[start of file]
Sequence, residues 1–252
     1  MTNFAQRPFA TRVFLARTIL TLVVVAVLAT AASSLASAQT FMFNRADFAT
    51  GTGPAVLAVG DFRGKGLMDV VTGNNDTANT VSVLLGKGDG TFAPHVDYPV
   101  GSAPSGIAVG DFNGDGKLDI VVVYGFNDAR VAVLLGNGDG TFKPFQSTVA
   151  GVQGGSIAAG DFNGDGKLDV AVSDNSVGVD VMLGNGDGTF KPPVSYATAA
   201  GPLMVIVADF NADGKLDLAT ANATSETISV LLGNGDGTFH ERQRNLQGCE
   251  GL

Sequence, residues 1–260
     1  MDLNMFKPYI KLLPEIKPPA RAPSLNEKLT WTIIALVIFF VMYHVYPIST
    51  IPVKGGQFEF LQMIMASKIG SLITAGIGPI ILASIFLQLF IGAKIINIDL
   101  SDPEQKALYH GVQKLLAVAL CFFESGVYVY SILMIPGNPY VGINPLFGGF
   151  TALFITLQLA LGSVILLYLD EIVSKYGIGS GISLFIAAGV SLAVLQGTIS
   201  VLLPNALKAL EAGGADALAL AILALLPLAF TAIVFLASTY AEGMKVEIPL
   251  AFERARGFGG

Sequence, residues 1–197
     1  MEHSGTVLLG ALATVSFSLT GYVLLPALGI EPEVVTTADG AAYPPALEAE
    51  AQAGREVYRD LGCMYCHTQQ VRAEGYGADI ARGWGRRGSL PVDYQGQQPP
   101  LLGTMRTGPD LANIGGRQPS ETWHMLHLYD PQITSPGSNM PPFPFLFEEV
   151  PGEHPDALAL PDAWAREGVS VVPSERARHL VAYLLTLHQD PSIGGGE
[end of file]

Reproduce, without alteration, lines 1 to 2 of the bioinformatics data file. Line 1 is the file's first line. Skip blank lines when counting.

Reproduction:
Sequence, residues 1–252
     1  MTNFAQRPFA TRVFLARTIL TLVVVAVLAT AASSLASAQT FMFNRADFAT